Burritos in San Diego
I knew it would be shitty but I went anyway. The online surf forecast called for a massive, rising tide; all of the local breaks would be swamped out—that is to say, the sheer volume of incoming tidal water would overwhelm whatever swell happened to be working—and there would be no waves, or none that could be enjoyed. But I went anyway.
I paddled around for an hour or so, enough to get a bit of exercise and work up an appetite. Most of surfing is not surfing, I’ve found. I emerged hungry and in a foul mood. There was only one thing for it, and I hadn’t eaten that thing in… Jesus, at least 15 years. Ten a.m., and the local Roberto’s, San Diego county’s ubiquitous taco shop (with at least 64 locations), would be open.
San Diegans are insufferable snobs when it comes to Mexican food. We (justifiably) stake our claim on the fish taco, our bars make the best margaritas, and we will simply not discuss the matter with anyone who feels that beans or rice or (gag) lettuce belong in a burrito. Taquerias are for San Francisco and New York poseurs; we have Taco Shops. But San Diego bears a secret shame. The city is home to the terrible, beautiful California Burrito.
Most San Diegans credit Santana’s, a small taco-shop chain that later rebranded itself as something called “Fresh MXN,” as the first place to put the California Burrito on the menu, sometime back in the 80s. Nearly every taco shop in the county serves them. The thing starts off with promise: the base components are a flour tortilla, with carne asada (basically, grilled steak). And then things go terribly wrong. Shredded cheddar is added. Then comes a dollop of sour cream. And then the final outrage: French fries. No salsa; you need to add your own, and Cholula is the only choice. And “need” is very literal; the California Burrito is a throat-clogging, dry, starchy, lactose-laden horror that wouldn’t be out of place on an Applebee’s menu.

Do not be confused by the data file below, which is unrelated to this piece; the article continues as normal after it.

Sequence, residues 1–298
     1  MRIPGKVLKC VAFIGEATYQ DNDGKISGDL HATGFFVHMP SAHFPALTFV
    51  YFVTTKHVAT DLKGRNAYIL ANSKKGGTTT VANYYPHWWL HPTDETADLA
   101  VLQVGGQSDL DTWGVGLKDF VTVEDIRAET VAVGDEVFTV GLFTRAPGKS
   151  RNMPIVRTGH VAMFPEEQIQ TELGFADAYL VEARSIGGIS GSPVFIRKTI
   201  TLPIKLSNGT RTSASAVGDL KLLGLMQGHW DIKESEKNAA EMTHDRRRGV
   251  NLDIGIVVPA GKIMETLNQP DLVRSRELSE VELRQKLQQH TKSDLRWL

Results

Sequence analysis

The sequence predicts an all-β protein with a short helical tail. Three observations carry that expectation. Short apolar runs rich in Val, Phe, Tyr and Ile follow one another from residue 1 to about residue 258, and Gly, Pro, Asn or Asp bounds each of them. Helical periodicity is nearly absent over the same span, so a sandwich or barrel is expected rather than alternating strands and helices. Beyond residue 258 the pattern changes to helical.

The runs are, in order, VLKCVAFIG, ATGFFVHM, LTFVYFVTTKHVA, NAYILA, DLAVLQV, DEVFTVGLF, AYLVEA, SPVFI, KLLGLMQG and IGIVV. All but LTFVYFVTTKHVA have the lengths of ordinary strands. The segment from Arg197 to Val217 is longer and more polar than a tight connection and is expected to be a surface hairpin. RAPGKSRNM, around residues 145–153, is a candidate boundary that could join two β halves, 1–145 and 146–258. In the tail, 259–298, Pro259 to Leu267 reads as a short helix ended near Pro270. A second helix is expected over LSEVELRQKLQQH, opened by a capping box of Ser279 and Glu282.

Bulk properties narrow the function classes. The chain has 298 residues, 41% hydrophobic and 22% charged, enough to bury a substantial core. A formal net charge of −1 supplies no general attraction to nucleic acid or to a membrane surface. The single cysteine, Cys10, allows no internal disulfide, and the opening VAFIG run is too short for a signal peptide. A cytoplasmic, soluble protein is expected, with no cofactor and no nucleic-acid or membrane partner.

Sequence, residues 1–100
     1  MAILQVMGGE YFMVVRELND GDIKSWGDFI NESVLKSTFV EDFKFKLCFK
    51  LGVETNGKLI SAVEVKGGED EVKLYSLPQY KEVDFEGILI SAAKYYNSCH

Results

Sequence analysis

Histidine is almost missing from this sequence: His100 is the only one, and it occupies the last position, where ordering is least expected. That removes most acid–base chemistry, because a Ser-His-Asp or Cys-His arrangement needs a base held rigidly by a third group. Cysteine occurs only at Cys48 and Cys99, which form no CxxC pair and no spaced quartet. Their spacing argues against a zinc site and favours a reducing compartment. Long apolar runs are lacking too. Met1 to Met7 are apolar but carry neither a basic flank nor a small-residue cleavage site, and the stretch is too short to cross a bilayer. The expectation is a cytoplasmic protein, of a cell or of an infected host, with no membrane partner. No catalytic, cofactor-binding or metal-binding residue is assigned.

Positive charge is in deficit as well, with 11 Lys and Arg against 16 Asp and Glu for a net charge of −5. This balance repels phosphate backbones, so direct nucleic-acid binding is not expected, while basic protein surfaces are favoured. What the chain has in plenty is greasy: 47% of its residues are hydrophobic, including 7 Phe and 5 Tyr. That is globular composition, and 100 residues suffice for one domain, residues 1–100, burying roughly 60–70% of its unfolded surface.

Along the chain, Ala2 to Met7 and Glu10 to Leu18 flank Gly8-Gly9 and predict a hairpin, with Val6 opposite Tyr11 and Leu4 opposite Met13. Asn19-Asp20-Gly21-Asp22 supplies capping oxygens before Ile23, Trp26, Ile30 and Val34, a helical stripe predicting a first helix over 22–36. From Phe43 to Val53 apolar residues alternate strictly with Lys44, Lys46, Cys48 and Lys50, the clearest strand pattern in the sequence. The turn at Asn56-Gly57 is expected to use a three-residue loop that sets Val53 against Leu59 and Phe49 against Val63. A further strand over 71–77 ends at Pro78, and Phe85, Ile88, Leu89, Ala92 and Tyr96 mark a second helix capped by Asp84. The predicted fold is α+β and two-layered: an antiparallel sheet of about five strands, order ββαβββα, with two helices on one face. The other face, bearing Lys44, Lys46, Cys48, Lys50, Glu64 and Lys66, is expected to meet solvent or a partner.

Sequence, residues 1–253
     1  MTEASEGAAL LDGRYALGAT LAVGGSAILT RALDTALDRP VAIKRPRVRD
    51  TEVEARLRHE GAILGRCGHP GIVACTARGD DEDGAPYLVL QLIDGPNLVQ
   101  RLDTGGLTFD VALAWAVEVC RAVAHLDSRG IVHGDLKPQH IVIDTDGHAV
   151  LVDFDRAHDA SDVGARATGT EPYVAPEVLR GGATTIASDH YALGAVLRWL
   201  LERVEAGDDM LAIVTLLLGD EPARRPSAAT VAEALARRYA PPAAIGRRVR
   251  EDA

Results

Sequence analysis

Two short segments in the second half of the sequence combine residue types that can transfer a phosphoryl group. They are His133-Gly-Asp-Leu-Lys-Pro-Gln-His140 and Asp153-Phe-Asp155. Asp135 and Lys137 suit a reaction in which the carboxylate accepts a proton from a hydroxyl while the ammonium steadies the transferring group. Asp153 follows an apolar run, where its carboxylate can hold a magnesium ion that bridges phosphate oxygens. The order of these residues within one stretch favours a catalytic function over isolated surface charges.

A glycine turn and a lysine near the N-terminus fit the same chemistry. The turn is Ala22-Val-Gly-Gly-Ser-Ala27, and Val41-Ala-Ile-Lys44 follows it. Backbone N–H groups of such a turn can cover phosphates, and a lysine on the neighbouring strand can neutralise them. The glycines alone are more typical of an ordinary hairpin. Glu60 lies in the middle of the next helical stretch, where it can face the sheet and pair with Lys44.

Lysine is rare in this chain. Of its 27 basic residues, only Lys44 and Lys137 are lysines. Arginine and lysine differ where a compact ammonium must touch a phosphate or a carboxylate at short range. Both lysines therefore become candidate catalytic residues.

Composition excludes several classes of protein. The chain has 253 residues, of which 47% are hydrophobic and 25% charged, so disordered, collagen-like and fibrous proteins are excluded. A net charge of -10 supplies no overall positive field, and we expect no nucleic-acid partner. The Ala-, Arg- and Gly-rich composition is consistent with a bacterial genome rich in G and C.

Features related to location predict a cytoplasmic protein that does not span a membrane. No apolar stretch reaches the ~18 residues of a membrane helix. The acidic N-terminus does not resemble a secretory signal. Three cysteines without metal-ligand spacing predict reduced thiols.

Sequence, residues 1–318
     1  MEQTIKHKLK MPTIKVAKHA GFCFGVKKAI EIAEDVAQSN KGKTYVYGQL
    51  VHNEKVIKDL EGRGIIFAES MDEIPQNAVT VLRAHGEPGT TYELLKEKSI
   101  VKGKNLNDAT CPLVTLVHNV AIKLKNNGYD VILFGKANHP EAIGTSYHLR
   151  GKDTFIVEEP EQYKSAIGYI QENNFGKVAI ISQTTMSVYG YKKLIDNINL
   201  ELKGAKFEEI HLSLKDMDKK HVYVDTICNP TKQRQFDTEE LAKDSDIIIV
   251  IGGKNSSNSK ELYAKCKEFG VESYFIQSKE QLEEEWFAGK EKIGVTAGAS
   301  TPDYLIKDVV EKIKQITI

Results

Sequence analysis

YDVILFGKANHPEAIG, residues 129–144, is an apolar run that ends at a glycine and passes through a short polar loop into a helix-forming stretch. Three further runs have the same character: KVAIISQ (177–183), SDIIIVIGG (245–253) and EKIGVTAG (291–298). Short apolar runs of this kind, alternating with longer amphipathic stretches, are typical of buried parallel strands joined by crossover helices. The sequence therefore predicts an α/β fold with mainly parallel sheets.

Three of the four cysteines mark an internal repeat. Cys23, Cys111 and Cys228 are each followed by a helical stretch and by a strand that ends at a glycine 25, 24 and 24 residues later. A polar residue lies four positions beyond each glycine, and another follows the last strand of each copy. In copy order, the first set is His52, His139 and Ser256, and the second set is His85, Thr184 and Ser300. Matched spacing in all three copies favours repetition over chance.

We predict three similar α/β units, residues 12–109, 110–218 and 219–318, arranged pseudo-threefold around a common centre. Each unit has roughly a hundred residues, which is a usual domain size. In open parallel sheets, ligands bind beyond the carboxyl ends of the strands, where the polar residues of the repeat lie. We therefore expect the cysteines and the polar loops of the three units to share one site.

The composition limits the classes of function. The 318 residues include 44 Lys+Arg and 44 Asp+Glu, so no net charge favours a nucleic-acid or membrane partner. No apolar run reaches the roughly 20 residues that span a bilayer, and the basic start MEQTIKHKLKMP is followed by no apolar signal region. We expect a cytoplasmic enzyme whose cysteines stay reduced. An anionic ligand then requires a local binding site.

And yet. There’s a reason why the California Burrito reigns supreme. It’s the perfect post-surf meal, precisely because it’s so bad. There are few things more exhausting than a great surf session. Your back, arms, and chest are constantly working; the cold water only causes you to burn more calories. Come out of the ocean after spending a few hours fighting everything that Neptune throws at you and you need a serious recovery meal. Protein for your shredded muscles and fat for depleted energy. In my 20s, when (thanks to youth and hours spent in the ocean) I had the metabolism to do so, I practically lived on California Burritos.
And there are few things more depressing than a terrible surf session; the older I get, the fewer opportunities for good surf I’ll find, and there the value of the Cali Burrito as comfort food cannot be understated. Eating it reminded me of the days when I couldn’t give less of a rat’s ass about my own mortality.
I sat on the hood of my car, making my way through the soggy potatoes and the greasy cheese and the carne asada as chewy as a huarache sandal, watching the surfboard-strapped cars zipping up and down the Pacific Coast Highway, all looking for waves that weren’t there today. Well. I’d need to work off the burrito. I now had an excuse to paddle out tomorrow.